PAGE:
Tuesday, October 5, 1999 Published at 16:52 GMT 17:52 UK
Draskovic attends crash victim's funeral
Vuk Draskovic with his grieving relatives at the funeral
Hundreds of people have attended the funeral of an opposition official who died in a car accident which opposition leader Vuk Draskovic says was meant to kill him.
Mr Draskovic spoke at the funeral of his brother-in-law Veselin Boskovic - a senior official in his Serbian Renewal Movement - who died in the crash on Sunday along with three official party officials.
Mr Draskovic was the only person to survive the crash.
Addressing the coffin of Boskovic, a visibly shaken Mr Draskovic said: "The killer wanted to kill me but he killed you."
"My brother, when you get to God please do something so that the death-makers leave Serbia," said Mr Draskovic.
"Let them be damned, the devils who have built their happiness on other people's misery for 10 years," Mr Draskovic said.
A lorry hit two cars carrying Mr Draskovic's entourage near the town of Lazarevac, some 40km (25 miles) south west of the Serbian capital, Belgrade.
The lorry ploughed into the first car which was carrying Mr Draskovic's bodyguards, and then into the second car, in which he was travelling.
Mr Draskovic said that it had been "a clear assassination attempt against me".
"Suddenly without any reason ... when it was about five metres away, a truck swerved straight in front if us. I am convinced it was to try to kill me," he said.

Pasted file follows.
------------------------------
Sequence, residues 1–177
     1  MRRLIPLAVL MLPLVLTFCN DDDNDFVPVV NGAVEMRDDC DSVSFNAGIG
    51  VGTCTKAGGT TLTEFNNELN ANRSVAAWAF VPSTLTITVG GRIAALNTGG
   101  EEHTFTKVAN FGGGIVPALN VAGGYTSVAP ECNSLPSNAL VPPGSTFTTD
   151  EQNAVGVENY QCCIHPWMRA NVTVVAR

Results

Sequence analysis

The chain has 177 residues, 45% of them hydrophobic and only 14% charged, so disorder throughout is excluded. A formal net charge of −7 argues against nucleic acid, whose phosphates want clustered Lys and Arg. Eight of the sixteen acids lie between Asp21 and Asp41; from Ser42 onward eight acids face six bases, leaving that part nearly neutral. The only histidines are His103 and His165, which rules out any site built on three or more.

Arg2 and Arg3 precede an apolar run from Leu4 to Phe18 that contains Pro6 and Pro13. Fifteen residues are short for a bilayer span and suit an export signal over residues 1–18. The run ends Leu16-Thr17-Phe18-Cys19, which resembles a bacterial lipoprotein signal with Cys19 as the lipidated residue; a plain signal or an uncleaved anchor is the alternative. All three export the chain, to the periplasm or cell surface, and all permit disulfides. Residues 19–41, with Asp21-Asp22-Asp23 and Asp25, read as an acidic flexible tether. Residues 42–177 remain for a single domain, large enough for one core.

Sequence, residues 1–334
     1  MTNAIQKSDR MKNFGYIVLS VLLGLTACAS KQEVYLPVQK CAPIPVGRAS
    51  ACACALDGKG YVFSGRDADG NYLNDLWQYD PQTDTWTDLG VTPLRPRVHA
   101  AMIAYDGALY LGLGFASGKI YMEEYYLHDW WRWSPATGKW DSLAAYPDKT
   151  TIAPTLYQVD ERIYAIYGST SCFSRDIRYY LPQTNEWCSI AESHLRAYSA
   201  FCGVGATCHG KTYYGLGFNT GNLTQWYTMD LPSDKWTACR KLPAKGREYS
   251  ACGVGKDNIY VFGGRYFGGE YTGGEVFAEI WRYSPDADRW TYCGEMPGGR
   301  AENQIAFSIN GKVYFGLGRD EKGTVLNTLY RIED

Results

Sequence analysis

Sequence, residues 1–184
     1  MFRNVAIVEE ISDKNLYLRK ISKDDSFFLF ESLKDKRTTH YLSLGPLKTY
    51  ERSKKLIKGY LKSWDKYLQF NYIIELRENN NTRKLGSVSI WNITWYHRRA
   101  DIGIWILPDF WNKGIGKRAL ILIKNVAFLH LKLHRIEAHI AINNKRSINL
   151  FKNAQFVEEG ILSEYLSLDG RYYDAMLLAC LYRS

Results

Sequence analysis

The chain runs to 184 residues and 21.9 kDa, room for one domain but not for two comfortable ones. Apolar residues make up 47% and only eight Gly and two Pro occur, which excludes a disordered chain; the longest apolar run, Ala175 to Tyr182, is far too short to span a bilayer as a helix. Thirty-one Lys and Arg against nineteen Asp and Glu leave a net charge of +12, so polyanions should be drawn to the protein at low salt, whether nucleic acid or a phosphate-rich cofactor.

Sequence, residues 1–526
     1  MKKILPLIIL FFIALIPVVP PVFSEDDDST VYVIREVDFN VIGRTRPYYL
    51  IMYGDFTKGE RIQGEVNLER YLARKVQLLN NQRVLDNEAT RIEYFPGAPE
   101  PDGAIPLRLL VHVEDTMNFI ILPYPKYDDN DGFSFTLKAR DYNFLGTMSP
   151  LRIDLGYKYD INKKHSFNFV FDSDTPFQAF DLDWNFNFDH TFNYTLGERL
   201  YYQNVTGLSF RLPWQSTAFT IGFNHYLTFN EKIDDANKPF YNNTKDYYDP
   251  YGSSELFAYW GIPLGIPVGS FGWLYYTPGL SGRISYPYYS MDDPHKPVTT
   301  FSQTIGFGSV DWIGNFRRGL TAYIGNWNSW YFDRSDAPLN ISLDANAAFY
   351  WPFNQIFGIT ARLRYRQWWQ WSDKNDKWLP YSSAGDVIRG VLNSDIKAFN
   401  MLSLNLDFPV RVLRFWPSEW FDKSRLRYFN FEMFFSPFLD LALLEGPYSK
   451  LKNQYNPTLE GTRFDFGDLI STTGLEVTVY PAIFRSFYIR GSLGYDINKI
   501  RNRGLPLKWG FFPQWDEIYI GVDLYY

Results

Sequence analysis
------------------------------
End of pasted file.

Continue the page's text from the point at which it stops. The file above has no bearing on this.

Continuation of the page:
A report by an investigating judge said simply that "a truck, for reasons unknown, crossed on to the other side of the road and caused the accident".
It was still unconfirmed whether the driver, who went missing after the crash, had been traced.
Mr Draskovic's lawyer Borivoje Borovic was quoted as saying that the road was straight at the point where the accident occurred, and not slippery, and that visibility had been good.
Another opposition politician, Zoran Djindjic, of the Democratic Party, said if the incident had been an assassination attempt, only the Serbian state could have organised it.
Mr Draskovic and his party are considered one of the key opponents of President Milosevic, despite occasional co-operation with the government.
He has refused to join daily street protests organized by Mr Djindjic to demand President Milosevic's removal, arguing that protests could lead to a civil war in Serbia.
Instead, he is demanding early elections be held.